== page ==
Matthew Keever" />
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Sunday, September 24, 2023


Khator looks to University growth

At her inaugural speech on Friday, UH President and UH System Chancellor Renu Khator stressed the importance of UH becoming more nationally and globally competitive -†the cornerstone of a flagship institution.

"To dream anything less is to shortchange our students, our region and our state," said Khator, who was inaugurated as the University’s 13th president and the System’s eighth chancellor at Cullen Performance Hall.

Khator, who began her tenure in January, said the University should not lose sight of the success of its students.

"Our first priority is the success of students," she said, pledging to raise $100 million toward improving students’ educational experience. "We are first and foremost a place where learning is as natural as reading, where discovery is happening every day."

Khator also outlined her initiatives to guide the University to flagship status.

The energy initiative represents the pursuit of the highest level of energy research, including fossil fuels, fire fuels and solar power, utilizing UH faculty and staff.

"This initiative will bring together 70 of our finest faculty… to pursue the highest level of energy research," Khator said.

She announced the establishment of the Presidential Energy Advisory Board, which will steer the University’s multi-million dollar energy investment and the desire for the University of Houston to become the premier energy research University in the nation.

"Houston is the energy capital of the world," she said. "This initiative will facilitate relationships with industry partners who understand your needs."

The health initiative, Khator’s second program, stands on another of Houston’s strengths – health care. Khator said she plans to expand already existing partnerships with the Texas Medical Center, filling existing gaps as well as creating new joint ventures by utilizing the University’s many health related programs, including science and engineering, social sciences, pharmacy and optometry.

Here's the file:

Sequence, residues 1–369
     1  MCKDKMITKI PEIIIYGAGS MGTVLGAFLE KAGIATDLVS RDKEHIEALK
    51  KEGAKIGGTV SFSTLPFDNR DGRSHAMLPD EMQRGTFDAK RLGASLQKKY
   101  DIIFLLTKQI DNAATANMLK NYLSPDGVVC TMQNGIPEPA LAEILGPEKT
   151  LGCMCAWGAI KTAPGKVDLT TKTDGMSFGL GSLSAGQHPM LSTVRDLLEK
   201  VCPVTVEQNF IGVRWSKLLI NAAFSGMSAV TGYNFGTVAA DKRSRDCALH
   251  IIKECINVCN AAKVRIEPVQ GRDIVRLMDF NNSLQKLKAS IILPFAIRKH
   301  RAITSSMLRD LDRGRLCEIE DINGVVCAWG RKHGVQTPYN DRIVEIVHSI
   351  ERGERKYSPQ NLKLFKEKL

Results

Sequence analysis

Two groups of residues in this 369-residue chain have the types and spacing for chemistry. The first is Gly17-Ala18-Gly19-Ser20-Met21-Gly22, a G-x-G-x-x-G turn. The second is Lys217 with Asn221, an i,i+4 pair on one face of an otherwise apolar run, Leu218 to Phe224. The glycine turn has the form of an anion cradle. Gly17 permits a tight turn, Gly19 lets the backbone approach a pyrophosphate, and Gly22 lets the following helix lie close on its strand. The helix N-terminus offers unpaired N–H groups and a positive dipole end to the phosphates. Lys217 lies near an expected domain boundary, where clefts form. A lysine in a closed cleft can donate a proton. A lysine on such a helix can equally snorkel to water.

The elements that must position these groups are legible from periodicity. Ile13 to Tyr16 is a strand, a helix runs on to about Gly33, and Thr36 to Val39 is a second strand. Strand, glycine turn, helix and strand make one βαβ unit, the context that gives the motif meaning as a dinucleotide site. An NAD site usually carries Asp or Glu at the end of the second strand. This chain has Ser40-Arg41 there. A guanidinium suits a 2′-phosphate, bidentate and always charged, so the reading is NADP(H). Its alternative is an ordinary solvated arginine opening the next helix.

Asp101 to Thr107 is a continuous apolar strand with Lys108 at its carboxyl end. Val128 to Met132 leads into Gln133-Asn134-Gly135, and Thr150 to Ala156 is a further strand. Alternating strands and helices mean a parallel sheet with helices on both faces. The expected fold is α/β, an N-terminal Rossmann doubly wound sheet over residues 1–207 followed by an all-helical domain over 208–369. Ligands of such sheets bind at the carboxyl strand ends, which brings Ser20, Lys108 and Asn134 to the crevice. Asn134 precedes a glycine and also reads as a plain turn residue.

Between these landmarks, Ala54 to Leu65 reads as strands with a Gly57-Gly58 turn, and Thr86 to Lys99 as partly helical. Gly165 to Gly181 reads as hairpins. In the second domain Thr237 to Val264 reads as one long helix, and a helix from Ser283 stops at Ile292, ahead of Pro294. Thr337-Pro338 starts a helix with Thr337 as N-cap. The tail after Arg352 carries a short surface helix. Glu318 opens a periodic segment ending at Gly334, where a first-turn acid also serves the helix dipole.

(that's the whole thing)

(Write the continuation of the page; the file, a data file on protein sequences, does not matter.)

"Our strength lies in the integration of these disciplines," Khator said. "The health initiative will be headed by a member of the National Academy of Sciences."

The third initiative, the UH Arts Initiative, is a demonstration that UH desires to be a world class arts destination and a national innovator through employing and training thousands of artists.

"One of the greatest advantages of living in Houston, as I quickly learned, is the incredible depth of the arts," she said.

This plan will rely heavily on strengthening partnerships with local museums, performance venues, theaters and other arts organizations.

"These new initiatives complement our existing commitment to expand our centers of excellence," Khator said.

The fourth initiative, The Star Initiative, is intended to strengthen core programs of the University, including the Conrad N. Hilton College of Hotel and Restaurant Management, The Cyvia and Melvyn Wolff Center for Entrepreneurship, the Graduate College of Social Work and the Creative Writing Program. Through investments, the University plans to build a stronger athletics program, more residence halls, a better stadium, more vibrant student life and more parking.

"This will take us all," Khator said. "It will take this entire community to take the University of Houston to greater heights. "

To make this vision a reality, Khator called on the community for involvement to achieve this transformation. She made it clear she was aware of how much work it would take, but said flagship status is what the University deserves.

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